Yoga Day

5 reasons why yoga is not right for you

Poonam-pandey-Yoga Bollywood actress Poonam Pandey performing a yoga asana in Mumbai | AFP

The world celebrates International Day of Yoga on June 21. The entire world, led by India, is going into various asanas, believing that the pratice of yoga will help people rid sicknesses and embrace a healthy lifestyle. While most of these are true, what many people forget is that yoga is not for everyone as it can sometimes do more harm than good.

Yoga leads to injuries

Yoga-3 Indian yoga enthusiasts performs during a rehearsal for an event on the outskirts of Amritsar | AFP

While yoga is being touted as a cure to many of the diseases, many are blind to the possible injuries that practicing some of the tough yoga asanas can cause. If you are used to a sedentary lifestyle—which most of us are owing to our work culture—chances are that some of the yoga postures are tough to master and in the process of learning these, you will end up injuring yourself. According to a 1972 study published by Oxford neurophysiologist W. Ritchie Russell, some yoga postures can cause even stroke and other brain injuries. Extreme motions of the head and neck, Russell warned, could wound the vertebral arteries, producing clots, swelling and constriction, and eventually wreak havoc in the brain, according to the NY Times.

Yoga can't really help you shed those love handles

Yoga-water Members of Madhya Pradesh Backward Class Commission Laxmi Narayan Yadav with his nephew Yash and niece Tanvi performs Jal Yoga on the eve of International Day of Yoga at a swimming pool in Bhopal | PTI

Practicing yoga the right way sure can help you stay healthy. But if you think it will help you burn calories like a 30 minutes run or a 45 minutes weight trainings session, you are in for a disappointment. While yoga may help you in gradual weight-loss, if you are able to spare only three days a week for your exercise regime and expect to gain a lot from it, hit a gym or start running instead of grabbing the yoga mat.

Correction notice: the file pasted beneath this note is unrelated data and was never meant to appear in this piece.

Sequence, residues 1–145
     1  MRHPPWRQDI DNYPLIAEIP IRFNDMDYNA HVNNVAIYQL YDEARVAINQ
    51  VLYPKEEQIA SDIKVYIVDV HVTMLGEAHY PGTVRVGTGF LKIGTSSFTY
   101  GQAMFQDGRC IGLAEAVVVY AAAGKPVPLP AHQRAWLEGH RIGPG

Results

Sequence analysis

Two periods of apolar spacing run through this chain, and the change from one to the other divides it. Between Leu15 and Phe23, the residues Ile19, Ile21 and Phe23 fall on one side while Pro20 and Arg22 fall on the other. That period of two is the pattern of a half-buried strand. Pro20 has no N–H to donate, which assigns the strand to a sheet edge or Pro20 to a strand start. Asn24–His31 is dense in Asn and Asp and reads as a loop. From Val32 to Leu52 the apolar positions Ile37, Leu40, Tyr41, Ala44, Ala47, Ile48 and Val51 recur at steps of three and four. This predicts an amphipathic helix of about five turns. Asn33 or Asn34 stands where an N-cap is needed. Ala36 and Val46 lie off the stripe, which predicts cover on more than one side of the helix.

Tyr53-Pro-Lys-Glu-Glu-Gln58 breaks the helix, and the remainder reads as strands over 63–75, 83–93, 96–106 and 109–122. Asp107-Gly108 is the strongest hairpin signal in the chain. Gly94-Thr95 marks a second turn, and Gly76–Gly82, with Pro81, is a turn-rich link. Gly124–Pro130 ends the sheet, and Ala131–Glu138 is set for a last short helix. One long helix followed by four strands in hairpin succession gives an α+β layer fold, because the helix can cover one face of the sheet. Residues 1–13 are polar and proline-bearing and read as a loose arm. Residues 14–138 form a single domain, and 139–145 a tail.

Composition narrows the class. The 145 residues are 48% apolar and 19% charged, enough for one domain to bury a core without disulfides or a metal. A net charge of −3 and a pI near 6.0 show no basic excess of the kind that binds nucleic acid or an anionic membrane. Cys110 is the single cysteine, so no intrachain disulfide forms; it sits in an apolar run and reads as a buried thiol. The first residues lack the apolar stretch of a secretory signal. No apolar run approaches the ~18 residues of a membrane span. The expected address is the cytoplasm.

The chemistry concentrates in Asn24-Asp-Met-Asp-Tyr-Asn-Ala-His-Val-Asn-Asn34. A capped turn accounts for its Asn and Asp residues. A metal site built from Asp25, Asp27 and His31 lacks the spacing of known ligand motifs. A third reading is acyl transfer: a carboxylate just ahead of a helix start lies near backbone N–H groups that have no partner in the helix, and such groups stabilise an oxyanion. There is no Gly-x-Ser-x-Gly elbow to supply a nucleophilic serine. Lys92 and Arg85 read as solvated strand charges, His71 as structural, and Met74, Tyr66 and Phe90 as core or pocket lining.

Takes time to learn

Yoga-sun An Indian yoga practitioner participates in a rehearsal for International Yoga Day on Rajpath in New Delhi | AFP

No! Those weekend yoga sessions can't help you master the art of yoga. Forget abut perfecting the practice; it takes a lot of time and dedication to learn yoga well. Time is a luxury that most of us working professionals cannot afford. So, if you only have a limited time for your fitness regime, choose something more rigorous, but easy to learn and perform than the complicated yoga asanas.

A costly affair

Poonam-Yoga Bollywood actress Poonam Pandey performing a yoga asana in Mumbai | AFP

Well, if you thought that yoga is a cost-effective means to stay fit, think again. Most of the professionals who offer yoga lessons do not come cheap. The yoga mat and cloths aren't inexpensive either. Yoga is indeed a costly way of keeping yourself healthy.

Finding the right teacher is hard

Baba-Ramdev-yoga-pose Baba Ramdev leads a yoga session at a rehearsal ahead of the International Day of Yoga | AP

Now-a-days everyone is a yoga teacher. You can easily spot centres offering yoga classes in every corner of your city. The difficulty lies in choosing the right instructor who has perfected the art of imparting this ancient knowledge. It is possible that you may pay to enroll at a yoga centre only to realise that the instructor is not qualified enough. Learning yoga from a person who hasn't mastered it well can lead to physical discomfort and even injuries.

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Topics : #yoga

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